After extraction from its special storage, liquid chlorine is also easy to use as it doesn’t need to be mixed or diluted – just measured and poured directly into your pool.

How to add liquid chlorine to your pool
  1. Switch on: Make sure your filtration system is running.
  2. Cover up: Put on a pair of gloves, some old clothes and goggles.
  3. Prepare: Get a measuring jug and your liquid pool chlorine ready.
  4. Measure: Carefully measure the correct dosage of liquid chlorine.
  5. Pour: Tip the liquid chlorine directly into the deep end of your pool.

NB: Never pour liquid pool chlorine straight into the skimmer, or anywhere else for that matter, except for the deep end of your pool.

Pool chlorine granules

Pool chlorine granules can be purchased containing either dichlor (sodium dichloroisocyanurate) or cal hypo (calcium hypochlorite) as the active ingredient.

Dichlor granular pool chlorine has a low pH of around 6.5 and a medium chlorine concentration of 50%.

It’s easy to use, dissolves rapidly, and also comes stabilised, meaning that the chlorine will evaporate a lot slower.

Cal hypo granular pool chlorine has a high pH of around 12 and a high chlorine concentration of 65%.

Cal hypo is a great way to safeguard pool equipment from corrosion caused by calcium deficiency. It’s the more cost-effective sanitiser, but as it’s unstabilised, you’ll need to be more cautious.

Pool chlorine granule products

All granular pool chlorine needs to be measured and mixed in a bucket of water before adding it into your pool to ensure proper chlorine distribution.

How to add chlorine granules to your pool
  1. Switch on: Make sure your filtration system is running.
  2. Cover up: Put on a pair of gloves and goggles.
  3. Prepare: Get a large bucket of water and your granular pool chlorine ready.
  4. Measure: Carefully measure the correct dosage of granular chlorine into the water.
  5. Mix: Dissolve the granules by mixing with a long stick.
  6. Pour: Carefully tip the chlorine around the deep end of your pool.

Tips when using granules:

  • Make sure you’re not using pool chlorine granules on a windy day and follow safety instructions carefully.
  • Never pour the water containing dissolved chlorine granules straight into the skimmer, only into the deep end of the pool.

Pool chlorine tablets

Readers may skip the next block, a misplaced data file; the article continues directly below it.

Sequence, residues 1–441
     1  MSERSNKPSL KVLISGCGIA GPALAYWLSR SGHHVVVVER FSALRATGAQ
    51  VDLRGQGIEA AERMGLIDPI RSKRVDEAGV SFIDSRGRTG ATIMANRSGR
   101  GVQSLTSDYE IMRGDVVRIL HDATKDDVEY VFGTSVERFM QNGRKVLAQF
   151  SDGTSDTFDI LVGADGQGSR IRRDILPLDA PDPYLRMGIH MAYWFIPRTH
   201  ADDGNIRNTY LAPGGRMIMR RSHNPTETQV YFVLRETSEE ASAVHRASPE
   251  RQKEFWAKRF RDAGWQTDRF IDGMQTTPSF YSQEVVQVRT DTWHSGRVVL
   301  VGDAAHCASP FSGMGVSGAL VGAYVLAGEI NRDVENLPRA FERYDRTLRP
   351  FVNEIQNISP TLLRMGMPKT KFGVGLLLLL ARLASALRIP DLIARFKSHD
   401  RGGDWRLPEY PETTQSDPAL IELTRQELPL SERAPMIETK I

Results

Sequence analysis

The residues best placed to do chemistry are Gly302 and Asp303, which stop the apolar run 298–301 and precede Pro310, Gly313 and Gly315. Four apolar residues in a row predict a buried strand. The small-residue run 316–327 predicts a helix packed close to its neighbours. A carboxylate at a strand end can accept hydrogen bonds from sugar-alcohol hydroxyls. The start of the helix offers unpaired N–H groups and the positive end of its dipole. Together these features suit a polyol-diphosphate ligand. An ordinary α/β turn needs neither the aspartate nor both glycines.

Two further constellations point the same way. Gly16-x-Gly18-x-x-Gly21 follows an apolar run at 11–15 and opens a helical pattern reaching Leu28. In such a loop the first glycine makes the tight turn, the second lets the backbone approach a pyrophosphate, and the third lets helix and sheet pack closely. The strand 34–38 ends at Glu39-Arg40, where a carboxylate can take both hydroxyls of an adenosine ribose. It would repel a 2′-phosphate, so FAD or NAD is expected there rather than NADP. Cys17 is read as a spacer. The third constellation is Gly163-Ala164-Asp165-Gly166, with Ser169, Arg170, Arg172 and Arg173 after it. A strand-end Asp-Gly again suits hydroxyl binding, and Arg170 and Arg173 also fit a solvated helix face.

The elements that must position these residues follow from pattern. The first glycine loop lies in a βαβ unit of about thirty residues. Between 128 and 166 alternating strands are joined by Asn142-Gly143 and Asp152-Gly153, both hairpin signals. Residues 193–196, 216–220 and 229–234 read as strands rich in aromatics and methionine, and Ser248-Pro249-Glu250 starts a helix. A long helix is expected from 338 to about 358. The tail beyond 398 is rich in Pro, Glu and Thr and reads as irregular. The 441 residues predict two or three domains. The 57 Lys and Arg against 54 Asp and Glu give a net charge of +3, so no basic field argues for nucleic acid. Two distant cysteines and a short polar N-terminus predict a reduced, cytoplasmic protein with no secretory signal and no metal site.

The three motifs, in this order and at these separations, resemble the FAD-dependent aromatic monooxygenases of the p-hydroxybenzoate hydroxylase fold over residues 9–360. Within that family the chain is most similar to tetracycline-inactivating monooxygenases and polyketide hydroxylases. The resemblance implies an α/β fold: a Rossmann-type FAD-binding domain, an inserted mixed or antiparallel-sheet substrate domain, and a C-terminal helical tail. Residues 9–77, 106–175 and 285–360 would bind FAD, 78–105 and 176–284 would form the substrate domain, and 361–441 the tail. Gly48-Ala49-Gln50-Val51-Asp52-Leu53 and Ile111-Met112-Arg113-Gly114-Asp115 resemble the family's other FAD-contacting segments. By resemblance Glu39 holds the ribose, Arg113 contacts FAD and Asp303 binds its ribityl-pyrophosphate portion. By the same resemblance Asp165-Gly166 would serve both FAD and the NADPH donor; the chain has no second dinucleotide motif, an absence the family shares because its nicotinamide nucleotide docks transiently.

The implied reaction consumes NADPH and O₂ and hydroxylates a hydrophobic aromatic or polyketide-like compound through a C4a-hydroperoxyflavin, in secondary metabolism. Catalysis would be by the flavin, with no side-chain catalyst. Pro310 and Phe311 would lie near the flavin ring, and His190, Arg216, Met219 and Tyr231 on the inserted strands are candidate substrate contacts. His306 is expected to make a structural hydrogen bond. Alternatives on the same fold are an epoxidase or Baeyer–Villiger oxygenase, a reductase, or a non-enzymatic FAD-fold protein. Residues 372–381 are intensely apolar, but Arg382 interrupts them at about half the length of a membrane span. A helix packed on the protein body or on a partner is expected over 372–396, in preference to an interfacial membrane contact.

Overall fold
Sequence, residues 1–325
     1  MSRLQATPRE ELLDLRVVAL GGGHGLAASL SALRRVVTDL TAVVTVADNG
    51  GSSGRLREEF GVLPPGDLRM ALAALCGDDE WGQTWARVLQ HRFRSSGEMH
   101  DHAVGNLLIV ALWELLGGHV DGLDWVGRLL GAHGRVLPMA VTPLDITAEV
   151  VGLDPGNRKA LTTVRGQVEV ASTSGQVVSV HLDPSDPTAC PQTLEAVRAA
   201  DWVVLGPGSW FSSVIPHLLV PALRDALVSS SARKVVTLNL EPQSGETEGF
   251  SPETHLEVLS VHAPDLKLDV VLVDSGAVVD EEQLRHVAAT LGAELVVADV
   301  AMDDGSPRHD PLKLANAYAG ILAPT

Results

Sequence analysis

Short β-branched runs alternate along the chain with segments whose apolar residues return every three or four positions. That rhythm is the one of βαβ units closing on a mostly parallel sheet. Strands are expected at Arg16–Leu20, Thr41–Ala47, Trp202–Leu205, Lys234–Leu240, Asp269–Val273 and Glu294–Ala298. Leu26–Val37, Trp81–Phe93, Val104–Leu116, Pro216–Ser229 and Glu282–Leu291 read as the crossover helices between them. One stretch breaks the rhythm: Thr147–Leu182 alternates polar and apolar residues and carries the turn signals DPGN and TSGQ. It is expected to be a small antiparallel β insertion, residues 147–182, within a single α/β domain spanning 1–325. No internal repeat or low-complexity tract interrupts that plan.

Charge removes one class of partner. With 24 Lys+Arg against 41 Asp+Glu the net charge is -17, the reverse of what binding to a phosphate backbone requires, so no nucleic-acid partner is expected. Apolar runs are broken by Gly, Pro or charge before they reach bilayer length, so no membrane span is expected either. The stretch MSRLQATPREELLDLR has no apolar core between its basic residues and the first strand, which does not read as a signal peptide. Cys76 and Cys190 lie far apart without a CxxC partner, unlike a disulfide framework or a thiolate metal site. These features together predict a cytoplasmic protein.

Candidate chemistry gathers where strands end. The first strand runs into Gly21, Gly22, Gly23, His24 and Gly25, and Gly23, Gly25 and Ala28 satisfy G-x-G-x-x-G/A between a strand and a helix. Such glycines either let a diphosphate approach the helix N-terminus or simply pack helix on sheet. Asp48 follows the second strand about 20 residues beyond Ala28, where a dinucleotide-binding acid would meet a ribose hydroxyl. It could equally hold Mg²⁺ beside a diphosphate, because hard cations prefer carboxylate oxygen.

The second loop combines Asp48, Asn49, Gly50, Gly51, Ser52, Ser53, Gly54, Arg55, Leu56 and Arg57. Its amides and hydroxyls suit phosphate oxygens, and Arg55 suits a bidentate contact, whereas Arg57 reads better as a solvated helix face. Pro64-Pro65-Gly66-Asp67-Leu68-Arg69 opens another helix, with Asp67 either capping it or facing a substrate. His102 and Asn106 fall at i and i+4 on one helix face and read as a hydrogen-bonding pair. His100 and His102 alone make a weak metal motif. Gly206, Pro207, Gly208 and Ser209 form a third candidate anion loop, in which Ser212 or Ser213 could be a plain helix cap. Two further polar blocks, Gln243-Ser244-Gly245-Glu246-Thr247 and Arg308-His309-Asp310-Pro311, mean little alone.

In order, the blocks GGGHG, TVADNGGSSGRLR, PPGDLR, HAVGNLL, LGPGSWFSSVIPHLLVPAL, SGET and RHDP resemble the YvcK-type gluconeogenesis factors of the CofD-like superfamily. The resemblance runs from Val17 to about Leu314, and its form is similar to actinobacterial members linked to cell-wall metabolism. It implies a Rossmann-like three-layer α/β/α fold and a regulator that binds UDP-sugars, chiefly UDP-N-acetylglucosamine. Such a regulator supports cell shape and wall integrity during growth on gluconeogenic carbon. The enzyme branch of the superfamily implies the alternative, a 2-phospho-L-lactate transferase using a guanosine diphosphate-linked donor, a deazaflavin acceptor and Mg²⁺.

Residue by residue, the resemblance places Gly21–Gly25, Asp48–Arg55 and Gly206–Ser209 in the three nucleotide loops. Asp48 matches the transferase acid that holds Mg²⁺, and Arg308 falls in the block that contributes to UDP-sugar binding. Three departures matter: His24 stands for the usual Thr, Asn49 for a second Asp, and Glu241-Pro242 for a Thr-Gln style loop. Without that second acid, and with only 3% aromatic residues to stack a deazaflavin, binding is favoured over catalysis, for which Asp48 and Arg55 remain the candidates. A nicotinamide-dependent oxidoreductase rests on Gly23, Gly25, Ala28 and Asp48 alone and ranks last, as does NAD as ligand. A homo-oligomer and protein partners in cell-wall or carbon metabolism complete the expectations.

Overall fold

Trichlor (trichloroisocyanuric acid) is the active ingredient in pool chlorine tablets. It has a low pH of around 2.9 and a high chlorine concentration of up to 90%.

Trichlor is chlorine as a solid and comes in the form of one or three-inch discs or sticks.

Pool chlorine tablet products

Floating tablet dispensers are placed directly into your pool. You’ll need to keep a watchful eye on them to ensure they don’t get stuck.

If you’re looking for something that requires a little less maintenance, consider investing in an inline chlorinator. It automatically dispenses fully dissolved chlorine into your pool.

How to add pool chlorine tablets to your pool
  1. Switch off: Make sure your filtration system isn’t running.
  2. Cover up: Put on a pair of gloves and goggles.
  3. Prepare: Get your tablets ready.
  4. Open: Carefully open the chlorinator ensuring you don’t inhale any fumes.
  5. Measure: Put the pool tablets into the chlorinator or dispenser. 
  6. Close: Secure your chlorinator or dispenser. 
  7. Switch on: Turn your filtration system back on.

NB: Pool chlorine tablets usually take around seven days to fully dissolve.

Make sure that you never overfill an inline chlorinator with too many chlorine tablets.

Salt chlorinator

A salt chlorinator uses salt and electrolysis to create sodium hypochlorite.

It’s basically a liquid pool chlorine generator.

But unlike sodium hypochlorite in the form of liquid pool chlorine, salt stores well and doesn’t lose efficacy.

When comparing a salt chlorinator versus pool chlorine, it essentially comes down to whether you would like automatic or manual chlorine sanitation.

Of course, the initial purchase of a salt chlorinator can be costly.

However, you’ll spend less time manually sanitising and shocking your pool.

A salt chlorinator will produce chlorine, and the high chlorine concentration inside it will remove many of the chloramines.

You can even upgrade a chlorinator to automatically test pool pH, control water temperatures, and remotely control other pool equipment.

Salt chlorinator products

If you’d like to learn more, check out our comprehensive guide on salt chlorinators.

Still Unsure About Chlorine? Not For Long

You and chlorine will one day be on the same side: allies working together to protect your pool and keep swimmers out of harm’s way.

But on some days, it can feel as though chlorine just isn’t on your side.

So, if you need some help to master chlorine usage, don’t hesitate to contact us for guidance or get in touch with your local pool store.

About the author

Adrian Hill

Adrian Hill

Hey! I'm Adrian, founder and pool expert here at Dolphin Pacific. I love spending time with family, fishing, and have been known to brew my own beer.